Surgical Menopause, Salt Sensitivity, and NO Bioavailability in Women
To the Editor:
We read with great interest the article by Schulman et al1 dealing with the association between the loss of ovarian hormones and the occurrence of salt sensitivity in healthy premenopausal women. The results of their study demonstrated that 38.7% of salt-resistant women developed salt sensitivity after surgical menopause. The authors indicated that the prevalence of salt sensitivity doubled as early as 4 months after surgical menopause. The authors proposed that the loss of ovarian function may unmask a population of women prone to salt sensitivity who would be at higher risk for the subsequent development of hypertension and cardiovascular disease.
Numerous studies have shown that one of the mechanisms underlying the cardiovascular protective effect of estrogen may be the enhancement of NO production. There is evidence demonstrating that vascular endothelial function is markedly influenced by estrogen and is improved by hormone replacement therapy in postmenopausal women.2 Recently, Scuteri et al3 showed that inhibition of NO bioavailability by asymmetrical dimethylarginine ([ADMA] an endogenous NO synthase inhibitor) and a subsequent reduction in endothelial dysfunction might contribute to the increase in blood pressure during salt intake in normotensive postmenopausal women not receiving estrogen. It was also demonstrated that estrogen replacement therapy significantly reduced plasma concentration of ADMA in postmenopausal women.4 In a study that we presented earlier, it was shown that estrogen-induced improvement of membrane fluidity (the reciprocal value of microviscosity) of erythrocytes was counteracted by ADMA in postmenopausal women.5 In addition, we showed that amelioration in membrane fluidity of erythrocytes was associated with higher NO metabolite and lower ADMA levels in plasma.6 The findings might suggest that NO and ADMA might actively participate in the regulation of rheological behavior of cell membranes and microcirculation. In this context, it can be speculated that, in women with higher ADMA levels, the circulatory disorders are more pronounced. The precise role of ADMA in the development of hypertension and cardiovascular disease in women is still unclear. It is possible that estrogen deficiency after menopause might accelerate abnormalities in endothelial function by increasing ADMA levels. Therefore, we would like to know whether the plasma NO metabolite and ADMA concentrations might be associated with the changes in salt sensitivity after surgical menopause in the study by Schulman et al.1 It would be important to assess more precisely the relationship among estrogen status, salt sensitivity, and NO bioavailability in women after menopause.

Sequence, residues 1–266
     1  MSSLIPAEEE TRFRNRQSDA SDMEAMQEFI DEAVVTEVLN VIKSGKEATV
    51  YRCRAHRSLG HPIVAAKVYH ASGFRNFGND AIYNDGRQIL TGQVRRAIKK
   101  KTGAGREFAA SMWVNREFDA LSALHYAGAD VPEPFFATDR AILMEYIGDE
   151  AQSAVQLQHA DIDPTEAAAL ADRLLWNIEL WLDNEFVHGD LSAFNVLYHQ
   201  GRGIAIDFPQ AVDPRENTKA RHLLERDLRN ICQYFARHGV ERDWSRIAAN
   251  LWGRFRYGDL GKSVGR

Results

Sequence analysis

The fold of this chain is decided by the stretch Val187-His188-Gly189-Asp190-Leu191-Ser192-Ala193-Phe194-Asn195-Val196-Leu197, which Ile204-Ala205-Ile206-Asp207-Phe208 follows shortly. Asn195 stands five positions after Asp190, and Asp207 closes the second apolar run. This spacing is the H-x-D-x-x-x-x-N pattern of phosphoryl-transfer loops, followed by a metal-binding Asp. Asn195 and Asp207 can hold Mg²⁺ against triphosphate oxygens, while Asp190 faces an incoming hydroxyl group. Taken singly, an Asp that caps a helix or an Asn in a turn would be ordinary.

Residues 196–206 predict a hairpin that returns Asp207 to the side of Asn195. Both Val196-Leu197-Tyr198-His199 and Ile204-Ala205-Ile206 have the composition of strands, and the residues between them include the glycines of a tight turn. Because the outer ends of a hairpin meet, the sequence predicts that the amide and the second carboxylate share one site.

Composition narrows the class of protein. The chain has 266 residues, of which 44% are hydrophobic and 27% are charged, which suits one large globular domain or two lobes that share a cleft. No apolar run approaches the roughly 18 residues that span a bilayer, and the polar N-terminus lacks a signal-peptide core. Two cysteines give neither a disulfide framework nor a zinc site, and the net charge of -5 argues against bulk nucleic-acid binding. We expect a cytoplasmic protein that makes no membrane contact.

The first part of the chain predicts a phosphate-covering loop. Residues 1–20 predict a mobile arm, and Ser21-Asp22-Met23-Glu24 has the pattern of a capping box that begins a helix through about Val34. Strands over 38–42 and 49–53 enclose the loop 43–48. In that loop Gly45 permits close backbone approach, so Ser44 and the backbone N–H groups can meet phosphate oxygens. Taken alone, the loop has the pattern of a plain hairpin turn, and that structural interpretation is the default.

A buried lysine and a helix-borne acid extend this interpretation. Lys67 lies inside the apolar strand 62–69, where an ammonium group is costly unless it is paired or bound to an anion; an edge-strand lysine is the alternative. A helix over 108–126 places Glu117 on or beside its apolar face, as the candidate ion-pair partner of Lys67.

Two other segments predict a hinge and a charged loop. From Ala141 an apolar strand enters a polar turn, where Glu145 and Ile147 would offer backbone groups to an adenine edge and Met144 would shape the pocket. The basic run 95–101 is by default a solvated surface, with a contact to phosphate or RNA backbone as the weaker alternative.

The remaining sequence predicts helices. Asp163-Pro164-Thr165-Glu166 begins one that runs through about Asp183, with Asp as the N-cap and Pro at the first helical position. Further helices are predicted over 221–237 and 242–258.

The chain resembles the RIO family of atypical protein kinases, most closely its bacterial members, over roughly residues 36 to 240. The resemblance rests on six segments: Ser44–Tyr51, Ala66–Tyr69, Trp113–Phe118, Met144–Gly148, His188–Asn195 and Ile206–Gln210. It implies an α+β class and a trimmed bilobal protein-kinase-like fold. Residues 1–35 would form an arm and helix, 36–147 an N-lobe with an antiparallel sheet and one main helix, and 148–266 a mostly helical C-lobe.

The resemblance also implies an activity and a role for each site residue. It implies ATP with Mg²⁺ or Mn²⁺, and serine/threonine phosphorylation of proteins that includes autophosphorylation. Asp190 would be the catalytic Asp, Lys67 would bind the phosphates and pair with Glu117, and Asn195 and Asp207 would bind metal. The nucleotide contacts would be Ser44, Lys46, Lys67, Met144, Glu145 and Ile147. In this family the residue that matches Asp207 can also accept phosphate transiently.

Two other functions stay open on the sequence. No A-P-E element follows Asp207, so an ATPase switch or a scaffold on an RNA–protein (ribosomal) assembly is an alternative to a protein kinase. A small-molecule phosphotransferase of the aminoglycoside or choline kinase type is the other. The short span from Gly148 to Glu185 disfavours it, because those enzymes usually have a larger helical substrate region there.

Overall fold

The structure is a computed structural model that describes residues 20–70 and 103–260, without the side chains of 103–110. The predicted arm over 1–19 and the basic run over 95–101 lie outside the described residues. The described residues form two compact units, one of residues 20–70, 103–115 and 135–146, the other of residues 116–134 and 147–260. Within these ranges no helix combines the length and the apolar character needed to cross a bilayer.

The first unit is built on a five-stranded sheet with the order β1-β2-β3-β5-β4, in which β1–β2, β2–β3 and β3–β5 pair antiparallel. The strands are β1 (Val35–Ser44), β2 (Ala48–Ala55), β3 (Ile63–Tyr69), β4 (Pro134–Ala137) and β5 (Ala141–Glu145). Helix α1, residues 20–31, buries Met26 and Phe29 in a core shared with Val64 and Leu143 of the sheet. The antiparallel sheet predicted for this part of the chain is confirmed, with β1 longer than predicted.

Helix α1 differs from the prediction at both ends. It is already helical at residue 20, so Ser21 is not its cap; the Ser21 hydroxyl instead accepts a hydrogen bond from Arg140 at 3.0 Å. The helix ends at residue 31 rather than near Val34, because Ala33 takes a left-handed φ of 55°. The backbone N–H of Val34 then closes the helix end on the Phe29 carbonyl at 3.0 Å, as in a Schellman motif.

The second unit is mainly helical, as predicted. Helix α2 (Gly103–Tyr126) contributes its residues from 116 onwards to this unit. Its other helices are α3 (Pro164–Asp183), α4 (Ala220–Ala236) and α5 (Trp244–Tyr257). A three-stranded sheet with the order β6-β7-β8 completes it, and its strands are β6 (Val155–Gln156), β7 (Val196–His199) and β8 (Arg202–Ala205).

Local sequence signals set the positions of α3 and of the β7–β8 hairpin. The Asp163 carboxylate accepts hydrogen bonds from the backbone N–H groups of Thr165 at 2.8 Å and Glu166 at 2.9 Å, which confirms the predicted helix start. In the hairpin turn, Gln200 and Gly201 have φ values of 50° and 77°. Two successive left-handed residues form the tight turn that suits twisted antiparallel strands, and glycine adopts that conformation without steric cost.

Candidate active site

Schulman IH, Aranda P, Raij L, Veronesi M, Aranda FJ, Martin R. Surgical menopause increases salt sensitivity of blood pressure. Hypertension. 2006; 47: 1168–1174.
Higashi Y, Sanada M, Sasaki S, Nakagawa K, Goto C, Matsuura H, Ohama K, Chyayama K, Oshima T. Effect of estrogen replacement therapy on endothelial function in peripheral resistance arteries in normotensive and hypertensive postmenopausal women. Hypertension. 2001; 37: 651–657.
Tsuda K, Kinoshita Y, Kimura K, Nishio I, Masuyama Y. Electron paramagnetic resonance investigation on modulatory effect of 17beta-estradiol on membrane fluidity of erythrocytes in postmenopausal women. Arterioscler Thromb Vasc Biol. 2001; 21: 1306–1312.